While the PGA Championship has produced its fair share of flukes over the years, nothing about the way 2013 has played out suggests that will be the case this week.Our system of narrowing the field by traditional and objective looks at past history has served to eliminate a bunch of guys that didn't win, while still leaving in play the champions this year, and we'll do it again this week.
I looked back at every PGA Champion since 2000 (Tiger Woods), and several things stood out.
- Eleven of the 13 winners of the Wanamaker Trophy won on the PGA TOUR prior to the PGA that year. The two exceptions were Martin Kaymer, who played mainly in Europe that season, and Shaun Micheel. Micheel stands as the biggest fluke of the group of 13 winners, nudging out Rich Beem. What I found very interesting was that Micheel and Kaymer each had their best finish of the year prior to that tournament at Doral.
- Five of the 13 had three or more wins on TOUR before their win. That suggests good things for multiple winners like Tiger Woods, Matt Kuchar and Brandt Snedeker. Maybe G-Mac too?
- Eleven of the 13 had a top 10 in one of their three starts prior to the PGA. The exceptions were Keegan Bradley (two top 25s) and David Toms.
- Seven of the 13 had a top 10 in a major earlier that year. Included in that was Martin Kaymer with two, who was one of the two without a win. Perhaps this is a good barometer for guys who aren't PGA TOUR members.
- Rich Beem won in his final start just before his win. What's ironic is that it was in an event using the Modified Stableford scoring system. The lesson is to not write off the winner in Reno this week.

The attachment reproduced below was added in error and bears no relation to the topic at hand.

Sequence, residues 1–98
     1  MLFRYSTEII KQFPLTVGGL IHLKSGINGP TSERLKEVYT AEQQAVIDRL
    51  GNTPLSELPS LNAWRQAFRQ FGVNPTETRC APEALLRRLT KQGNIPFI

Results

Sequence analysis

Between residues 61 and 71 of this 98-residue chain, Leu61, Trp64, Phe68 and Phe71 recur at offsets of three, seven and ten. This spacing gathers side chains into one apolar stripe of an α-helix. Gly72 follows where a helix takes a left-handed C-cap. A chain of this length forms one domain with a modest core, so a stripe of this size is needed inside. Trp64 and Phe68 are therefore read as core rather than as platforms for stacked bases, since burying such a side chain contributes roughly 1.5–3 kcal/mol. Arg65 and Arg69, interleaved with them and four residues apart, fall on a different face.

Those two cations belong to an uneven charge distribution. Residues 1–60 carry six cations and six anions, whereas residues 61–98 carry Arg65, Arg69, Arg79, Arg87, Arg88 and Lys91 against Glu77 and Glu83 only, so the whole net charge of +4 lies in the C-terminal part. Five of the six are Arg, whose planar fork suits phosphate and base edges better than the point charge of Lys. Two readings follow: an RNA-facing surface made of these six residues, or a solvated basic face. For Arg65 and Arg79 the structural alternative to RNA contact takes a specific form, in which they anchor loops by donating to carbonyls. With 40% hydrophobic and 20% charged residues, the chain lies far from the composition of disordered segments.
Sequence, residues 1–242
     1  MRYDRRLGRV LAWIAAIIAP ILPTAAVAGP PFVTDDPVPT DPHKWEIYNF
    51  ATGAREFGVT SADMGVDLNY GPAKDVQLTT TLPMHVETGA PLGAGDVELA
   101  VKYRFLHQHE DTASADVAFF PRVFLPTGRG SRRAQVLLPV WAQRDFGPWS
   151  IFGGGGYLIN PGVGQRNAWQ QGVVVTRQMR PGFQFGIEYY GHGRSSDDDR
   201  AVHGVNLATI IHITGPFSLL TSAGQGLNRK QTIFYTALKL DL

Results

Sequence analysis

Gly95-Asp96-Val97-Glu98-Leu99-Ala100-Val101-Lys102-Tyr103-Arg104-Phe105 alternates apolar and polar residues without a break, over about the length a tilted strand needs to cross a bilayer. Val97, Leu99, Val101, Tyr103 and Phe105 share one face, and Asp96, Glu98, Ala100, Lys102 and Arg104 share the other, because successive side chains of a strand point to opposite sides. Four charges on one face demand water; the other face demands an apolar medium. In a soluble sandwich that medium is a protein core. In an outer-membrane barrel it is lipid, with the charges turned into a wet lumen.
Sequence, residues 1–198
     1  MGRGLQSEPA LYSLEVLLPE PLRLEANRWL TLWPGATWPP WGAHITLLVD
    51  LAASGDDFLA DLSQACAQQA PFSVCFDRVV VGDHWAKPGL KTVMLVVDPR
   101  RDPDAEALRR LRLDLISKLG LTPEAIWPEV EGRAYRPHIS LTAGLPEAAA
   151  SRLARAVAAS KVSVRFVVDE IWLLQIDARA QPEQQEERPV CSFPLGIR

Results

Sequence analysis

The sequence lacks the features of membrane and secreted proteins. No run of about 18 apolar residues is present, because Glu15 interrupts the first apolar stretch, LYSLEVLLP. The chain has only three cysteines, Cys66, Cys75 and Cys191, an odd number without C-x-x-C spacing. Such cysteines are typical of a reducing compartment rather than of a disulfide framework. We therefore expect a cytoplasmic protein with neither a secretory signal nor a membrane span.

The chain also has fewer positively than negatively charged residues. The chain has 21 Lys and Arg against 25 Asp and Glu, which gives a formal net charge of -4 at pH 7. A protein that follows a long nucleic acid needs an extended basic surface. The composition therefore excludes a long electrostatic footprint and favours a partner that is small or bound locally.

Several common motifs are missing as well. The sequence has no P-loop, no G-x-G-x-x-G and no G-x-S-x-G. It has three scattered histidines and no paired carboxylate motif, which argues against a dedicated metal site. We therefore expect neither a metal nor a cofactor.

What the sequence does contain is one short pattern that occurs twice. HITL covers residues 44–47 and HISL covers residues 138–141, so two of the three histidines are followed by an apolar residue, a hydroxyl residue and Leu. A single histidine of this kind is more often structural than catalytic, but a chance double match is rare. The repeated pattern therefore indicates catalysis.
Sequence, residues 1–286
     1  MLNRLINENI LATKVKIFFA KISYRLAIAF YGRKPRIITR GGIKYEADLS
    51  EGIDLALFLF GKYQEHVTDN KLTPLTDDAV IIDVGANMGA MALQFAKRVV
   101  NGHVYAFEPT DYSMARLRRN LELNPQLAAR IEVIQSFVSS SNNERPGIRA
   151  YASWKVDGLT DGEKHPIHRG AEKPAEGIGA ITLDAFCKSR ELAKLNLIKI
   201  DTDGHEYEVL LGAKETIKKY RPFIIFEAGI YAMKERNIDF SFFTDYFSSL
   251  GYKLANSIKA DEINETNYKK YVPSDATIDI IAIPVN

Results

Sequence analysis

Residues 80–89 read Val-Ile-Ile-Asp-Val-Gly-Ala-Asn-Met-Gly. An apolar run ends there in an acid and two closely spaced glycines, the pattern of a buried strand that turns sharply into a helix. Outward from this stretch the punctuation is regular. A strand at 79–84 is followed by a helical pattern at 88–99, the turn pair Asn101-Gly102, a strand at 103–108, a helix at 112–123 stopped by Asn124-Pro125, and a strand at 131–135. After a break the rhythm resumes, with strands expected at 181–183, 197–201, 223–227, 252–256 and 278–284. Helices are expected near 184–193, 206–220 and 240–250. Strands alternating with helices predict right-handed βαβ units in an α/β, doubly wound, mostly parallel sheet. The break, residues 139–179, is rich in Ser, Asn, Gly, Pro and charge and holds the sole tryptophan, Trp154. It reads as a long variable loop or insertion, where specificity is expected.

I will point out that the last winner at Oak Hill was Shaun Micheel, which is a little bit scary given his fluke status.
Ultimately, a player has to be clicking on at least two of three main categories. If he hasn't won, his form better be excellent and his play in majors very good, and so on.
As for Oak Hill, it will play as a par 70, featuring just two par 5s and tapping out at 7,163 yards. The first of the two par 5s is a birdie hole, but the second is touted as having never been reached in two. I would also expect par 3 play to be critical.
One final thought, it's commonly thought that the PGA Championship sets up to offer a very fair test of golf. It is also fairly common to see a fairly low winning score, especially relative to the other majors. Because of this, form seems to come into play more than luck. When in doubt, go with form.
We'll be back tomorrow with a power ranking. Until then, best of luck and happy research!